Droughts in Small Coral Islands : Kiribati Case Study (1999)

Droughts are frequent events in small coral islands and small island nations across the Indian and Pacific Oceans. 

Many of these are correlated with El Niño-La Niña events. Limited water storages on small islands mean that domestic water supplies are severely threatened by these dry periods. In this work, meteorological or climatological drought is used to define drought relevant to domestic water supplies. South Tarawa, the capital of the Republic of Kiribati, is used as a case study. It is argued that drought depends on the characteristics of the water sources. Three sources of water are identified – rain tanks, domestic water wells and reticulated water supplied from large freshwater lenses and these need to be treated separately for drought declaration.

Since the key components of the water balance are not known for rain tanks or domestic wells, a method of ranking rainfalls totalled over different periods was undertaken to identify and rank droughts. The Palmer Drought Index, the Standardized Precipitation Index, the Decile Method, and the Rainfall Depreciation Method are all examined critically. Here the decile method is explored and droughts are defined as periods when the rainfall drops below the 10 percentile level of all rainfalls for the totalling period in question. For Tarawa, it is suggested for meteorological drought that the appropriate totalling periods are: 4 to 6 months for rain tanks; 12 to 30 months for domestic wells; and 60 to 120 months for large freshwater lenses.

Using this method of ranking dry periods, it was found that severe droughts for rainwater tanks in South Tarawa occur on average approximately every 4 to 5 years and have an average duration of 5 to 6 months. For domestic wells, severe droughts occur on average 5.5 to 6 years and last, on average, 7 to 8 months. Because these events are frequent, policy can be developed to address response to drought. For the large freshwater lenses, drier periods occur on average every 6 years and last on average about 12 months. However, significant recharge of large freshwater lenses still occurs in these drier periods because of the long period over which rainfall is summed and the small variation in rainfalls over these long periods.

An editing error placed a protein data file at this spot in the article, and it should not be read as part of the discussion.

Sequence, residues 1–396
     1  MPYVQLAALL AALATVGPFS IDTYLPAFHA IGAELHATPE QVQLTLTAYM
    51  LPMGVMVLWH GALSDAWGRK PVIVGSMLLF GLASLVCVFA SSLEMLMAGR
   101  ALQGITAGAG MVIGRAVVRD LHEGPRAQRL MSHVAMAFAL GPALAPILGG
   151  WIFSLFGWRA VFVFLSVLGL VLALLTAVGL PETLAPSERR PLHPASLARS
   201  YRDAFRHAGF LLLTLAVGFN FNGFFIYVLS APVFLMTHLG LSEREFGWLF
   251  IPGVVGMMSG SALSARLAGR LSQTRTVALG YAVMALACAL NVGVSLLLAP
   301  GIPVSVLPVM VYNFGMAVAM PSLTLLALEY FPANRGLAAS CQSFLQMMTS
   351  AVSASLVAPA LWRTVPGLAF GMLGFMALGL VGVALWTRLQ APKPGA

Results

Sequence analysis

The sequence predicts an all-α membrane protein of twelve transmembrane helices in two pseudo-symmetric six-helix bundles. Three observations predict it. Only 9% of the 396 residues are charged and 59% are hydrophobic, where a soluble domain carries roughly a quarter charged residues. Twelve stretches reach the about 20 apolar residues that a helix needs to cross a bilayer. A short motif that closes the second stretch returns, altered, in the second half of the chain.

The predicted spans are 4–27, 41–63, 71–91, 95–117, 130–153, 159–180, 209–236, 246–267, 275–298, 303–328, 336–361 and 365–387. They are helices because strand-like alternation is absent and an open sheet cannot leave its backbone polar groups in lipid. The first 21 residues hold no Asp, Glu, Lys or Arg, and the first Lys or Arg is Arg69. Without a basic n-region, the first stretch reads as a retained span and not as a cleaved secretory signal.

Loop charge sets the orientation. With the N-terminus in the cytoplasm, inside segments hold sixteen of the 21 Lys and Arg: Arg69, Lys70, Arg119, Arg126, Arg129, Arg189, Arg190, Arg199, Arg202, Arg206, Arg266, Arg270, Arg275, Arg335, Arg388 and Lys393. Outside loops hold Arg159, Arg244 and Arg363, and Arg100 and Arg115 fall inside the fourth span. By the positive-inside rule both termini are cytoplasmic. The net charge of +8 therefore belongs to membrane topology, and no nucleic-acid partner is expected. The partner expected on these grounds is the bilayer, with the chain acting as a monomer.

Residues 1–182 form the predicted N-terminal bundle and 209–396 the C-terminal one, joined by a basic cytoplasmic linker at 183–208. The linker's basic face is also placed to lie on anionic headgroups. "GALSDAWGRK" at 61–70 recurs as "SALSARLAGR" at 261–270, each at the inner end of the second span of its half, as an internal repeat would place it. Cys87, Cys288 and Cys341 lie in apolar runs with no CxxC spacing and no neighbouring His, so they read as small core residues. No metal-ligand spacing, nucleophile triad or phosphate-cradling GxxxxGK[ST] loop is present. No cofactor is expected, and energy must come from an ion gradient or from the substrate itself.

It was found that the Standardized Precipitation Index and the Rainfall Depreciation Method gave identical results to the Decile Method. The greater simplicity of the decile method and the ease of understanding of its rainfall rankings suggests that is has advantages over other methods. The appropriateness of the 10 percentile level as an indicator of severe drought and the 40 percentile level as a warning trigger for droughts, compared to other levels, remain to be examined in detail. Likewise, the appropriateness of the rainfall totalling periods suggested here also should be tested against experience for a range of small island nations and conditions. Data on the size of rainfall catchments, rain tanks and details of water usage from them and from domestic wells should be collected. While the methodologies used here are applicable elsewhere, the results and conclusions are specific to Betio, South Tarawa. It is therefore suggested that donor agencies could use this system of ranking rainfall as a method of determining support in dry periods for small island nations. To do this, appropriate rainfall statistics, information on water sources and testing of concepts will be required for small island nations.

Start date 04 Oct 2005
End Date 04 Oct 2005
*White, I.; Falkland, T.; Scott, D. 1999. Droughts in Small Coral Islands: Bonriki, South Tarawa, Kiribati. IHP-V Technical Documents in Hydrology No. 26. UNESCO, Paris. http://unesdoc.unesco.org/images/0011/001188/118846eo.pdf

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